Level of awareness and practice in Standard Precautions
Good awareness in standard precautions was found in 11.38% only. Among doctors, it was still lower (5.1%) and no lab technician could answer all the questions correctly. These findings are in line with a 2012 Nigerian study, by Abdulraheem et al, where only 13% of the respondents had adequate knowledge of universal precautions.(18) But the findings are in contrast to a 2013 French study, which showed that 39.3% of subjects had good knowledge of standard precautions.(19) The difference could be due to the background settings, as the present study and the Nigerian study took place in public sector institutions in low- and middle-income countries, where health care spending is significantly lower than that of a high-income country like France.(20)
Good awareness was seen the most among nurses (15.9%), and Nursing Assistants (11.3%), similar to a study in Jamaica, where more nurses were very knowledgeable of the universal precautions than the respondents in other job categories.(21)
The respondents, in general, exhibited varying levels of awareness in the different elements of standard precautions. In hand hygiene 86.5% had good awareness, which was in line with a Nigerian study(22) where it was 83%. Good awareness in personal protective equipment use was found in 64% of the respondents, cough hygiene in 78.8% and safe injection practices in 93.5%. This points to the relative importance given by the health personnel to each precautionary element. Importance of self-protection, and respiratory hygiene has been underestimated by the staff, and the sensitizations and job-trainings in these aspects of the standard precautions are not having the desired impact.
It was also noted that the respondents in different job-categories had varying levels of knowledge in the different aspects of the standard precautions. Nurses were the most to have good awareness in waste disposal and decontamination (24.5%). Nursing assistants were the most to have good awareness in hand hygiene (97.5%), use of PPE (78.8%), safe injection practices (98.8%), and respiratory hygiene (82.3%). Doctors had better awareness in hand hygiene (91%), and respiratory hygiene (80.8%), than use of PPE (51.3%), safe injection practices (84.6%), while lab technicians exhibited better awareness of safe injection practices (75%), use of PPE (56.3%), and respiratory hygiene (56.3%), and least in waste disposal (6.25%). This shows that the awareness of the respondents tends to be more on the aspects of standard precautions which they put into practice more in relation to their routine duties.
Good practice is seen in 5.5% of respondents, similar to a recent Ethiopian study.(23) Good practice in personal protective equipment use, cough hygiene, safe injection practices and waste disposal were seen in 69.5%, 94.2%, 86.8% and 97.8% respectively. Only 9.2% had good practice in hand hygiene which is in line with a study from Kolkata which showed only 12.5% washed their hands before injection.(24)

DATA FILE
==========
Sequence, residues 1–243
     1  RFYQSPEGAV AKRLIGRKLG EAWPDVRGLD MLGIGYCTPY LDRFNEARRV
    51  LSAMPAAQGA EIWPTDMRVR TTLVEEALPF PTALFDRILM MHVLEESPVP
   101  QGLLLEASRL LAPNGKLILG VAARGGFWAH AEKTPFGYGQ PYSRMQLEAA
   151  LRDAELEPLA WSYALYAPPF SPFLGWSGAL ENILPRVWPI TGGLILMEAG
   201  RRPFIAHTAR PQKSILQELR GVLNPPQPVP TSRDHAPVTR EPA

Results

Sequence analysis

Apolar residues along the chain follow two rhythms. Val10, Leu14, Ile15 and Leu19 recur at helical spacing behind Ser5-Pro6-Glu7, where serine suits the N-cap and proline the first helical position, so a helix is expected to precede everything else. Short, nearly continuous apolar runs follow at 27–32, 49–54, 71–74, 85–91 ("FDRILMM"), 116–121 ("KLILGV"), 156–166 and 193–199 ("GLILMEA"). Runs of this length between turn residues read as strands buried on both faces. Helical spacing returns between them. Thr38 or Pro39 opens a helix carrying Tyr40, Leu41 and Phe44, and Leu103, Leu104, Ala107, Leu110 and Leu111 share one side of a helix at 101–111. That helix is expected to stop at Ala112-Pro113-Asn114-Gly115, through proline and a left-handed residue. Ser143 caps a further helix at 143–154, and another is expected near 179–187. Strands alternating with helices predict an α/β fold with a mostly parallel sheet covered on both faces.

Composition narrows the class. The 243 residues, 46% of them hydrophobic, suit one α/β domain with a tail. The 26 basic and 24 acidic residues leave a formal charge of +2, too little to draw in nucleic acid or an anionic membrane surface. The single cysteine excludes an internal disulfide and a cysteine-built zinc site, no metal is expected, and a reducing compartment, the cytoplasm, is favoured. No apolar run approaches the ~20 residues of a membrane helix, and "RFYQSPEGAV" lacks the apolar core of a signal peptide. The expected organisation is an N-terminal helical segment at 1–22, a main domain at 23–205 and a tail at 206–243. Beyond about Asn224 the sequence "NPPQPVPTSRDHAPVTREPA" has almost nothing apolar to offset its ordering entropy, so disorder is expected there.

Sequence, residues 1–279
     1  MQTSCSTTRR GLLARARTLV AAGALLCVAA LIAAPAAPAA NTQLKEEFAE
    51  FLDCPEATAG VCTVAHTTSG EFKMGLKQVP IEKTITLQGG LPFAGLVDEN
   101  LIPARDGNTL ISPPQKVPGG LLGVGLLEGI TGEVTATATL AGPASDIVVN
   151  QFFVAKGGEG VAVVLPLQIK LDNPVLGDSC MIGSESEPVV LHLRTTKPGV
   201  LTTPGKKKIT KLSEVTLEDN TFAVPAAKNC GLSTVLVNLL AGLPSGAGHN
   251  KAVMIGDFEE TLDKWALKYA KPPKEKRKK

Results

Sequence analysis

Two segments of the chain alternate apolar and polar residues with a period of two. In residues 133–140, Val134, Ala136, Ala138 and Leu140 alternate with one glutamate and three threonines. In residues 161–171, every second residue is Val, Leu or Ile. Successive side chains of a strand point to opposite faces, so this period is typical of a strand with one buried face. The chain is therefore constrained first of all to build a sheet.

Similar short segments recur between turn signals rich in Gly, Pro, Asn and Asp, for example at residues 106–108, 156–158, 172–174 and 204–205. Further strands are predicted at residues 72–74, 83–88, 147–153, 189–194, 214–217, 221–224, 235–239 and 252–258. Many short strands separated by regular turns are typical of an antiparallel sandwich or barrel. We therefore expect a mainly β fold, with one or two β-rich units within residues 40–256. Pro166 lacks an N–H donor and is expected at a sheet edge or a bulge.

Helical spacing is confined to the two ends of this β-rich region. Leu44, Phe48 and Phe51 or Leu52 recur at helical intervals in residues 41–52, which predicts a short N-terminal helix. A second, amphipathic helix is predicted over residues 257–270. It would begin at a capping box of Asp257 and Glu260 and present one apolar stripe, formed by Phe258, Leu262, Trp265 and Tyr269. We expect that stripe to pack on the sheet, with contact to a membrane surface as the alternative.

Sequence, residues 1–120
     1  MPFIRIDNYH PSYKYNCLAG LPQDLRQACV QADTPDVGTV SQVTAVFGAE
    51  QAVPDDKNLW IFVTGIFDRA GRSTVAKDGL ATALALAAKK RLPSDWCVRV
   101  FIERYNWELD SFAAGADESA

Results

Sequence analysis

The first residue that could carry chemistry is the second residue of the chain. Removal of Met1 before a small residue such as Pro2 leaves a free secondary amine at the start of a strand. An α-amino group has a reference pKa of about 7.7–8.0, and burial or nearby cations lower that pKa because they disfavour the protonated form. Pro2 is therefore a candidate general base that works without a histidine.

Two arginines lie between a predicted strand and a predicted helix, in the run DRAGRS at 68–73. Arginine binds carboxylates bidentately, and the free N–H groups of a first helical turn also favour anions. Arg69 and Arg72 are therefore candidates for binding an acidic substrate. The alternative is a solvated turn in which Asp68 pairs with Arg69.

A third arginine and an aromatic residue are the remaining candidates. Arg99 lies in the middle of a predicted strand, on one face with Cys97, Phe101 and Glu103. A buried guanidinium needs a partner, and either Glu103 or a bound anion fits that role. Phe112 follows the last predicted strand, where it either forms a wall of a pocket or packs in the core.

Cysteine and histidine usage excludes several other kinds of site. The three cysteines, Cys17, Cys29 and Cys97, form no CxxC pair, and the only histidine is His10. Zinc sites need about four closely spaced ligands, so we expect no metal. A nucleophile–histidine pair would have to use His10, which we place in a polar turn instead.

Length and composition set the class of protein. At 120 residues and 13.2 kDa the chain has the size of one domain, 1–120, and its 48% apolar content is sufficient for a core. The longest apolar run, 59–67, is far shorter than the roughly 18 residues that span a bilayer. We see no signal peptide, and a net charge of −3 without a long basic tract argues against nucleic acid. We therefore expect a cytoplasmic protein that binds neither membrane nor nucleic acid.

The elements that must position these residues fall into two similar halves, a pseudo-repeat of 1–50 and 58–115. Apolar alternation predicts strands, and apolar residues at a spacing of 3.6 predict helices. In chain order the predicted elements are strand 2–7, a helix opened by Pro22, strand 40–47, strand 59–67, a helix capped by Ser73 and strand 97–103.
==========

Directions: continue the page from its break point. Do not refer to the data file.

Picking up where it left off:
Doctors were most likely to have good practice (8.97%), whereas none of the lab technicians had good practice in standard precautions. Doctors were the most likely to have good practice in hand hygiene (15.4%) and safe injection practices (96.15%) when the components are taken separately. Nurses were the most likely to have good practice in cough hygiene (98%) and PPE use (73.5%) which confirms a Jamaican study in which more frequent use of protective equipment was seen among nurses.(21)
4.2. Factors affecting Practice
Good practice of hand hygiene was seen more towards older age groups and among males. Training received, length of service and availability of resources also had positive association. These findings are in confirmation with a 2002 Geneva study which showed that availability of alcohol-based hand rubs increased hand hygiene compliance.(25)
Good practice in PPE use also increased with age. Female gender, training received length of service and availability of resources also had positive association. This finding is in line with a Jamaican study by Vaz et al.(21)
Good practice in SIP is similar to that in hand hygiene as there is positive association with increasing age, male sex, training received, increase in total years of service, specific protocol uses and availability of resources.
There was significant association for training attendance and availability of resources with practice of respiratory hygiene. Practice of respiratory hygiene and waste disposal and decontamination was also almost equal among different age groups and between the two sexes. Use of specific protocol and availability of resources both had positive association with good practice of waste disposal.
Hindrances to Practice
There was a positive effect for availability of resources on practice of standard precautions. So, lack of these resources was a hindrance to the practice of standard precaution. The essential resources readily available were gloves (94.8%) puncture free containers (86.5%), colour coded bags (77.8%) and signboards (71%). Alcohol based hand rub (9.2%) and safe receptacles (0.9%) were least available. This could be one of the reasons due to which good awareness in hand hygiene was not reflected in the practice.
Significant positive association was noted between increasing age and awareness in respiratory hygiene and hand hygiene. There was significant association between profession and training attendance. Trainings in standard precautions and blood safety were more likely to be attended by lab technicians.
The Hepatitis B vaccination was taken by 68.6% of respondents only. This was comparable with the findings of a study among nurses in Kolkata where only about 52.5% respondents were protected by hepatitis B vaccination(24). Doctors were most likely to be vaccinated (97.4%). Only 33.7% of nursing assistants were vaccinated.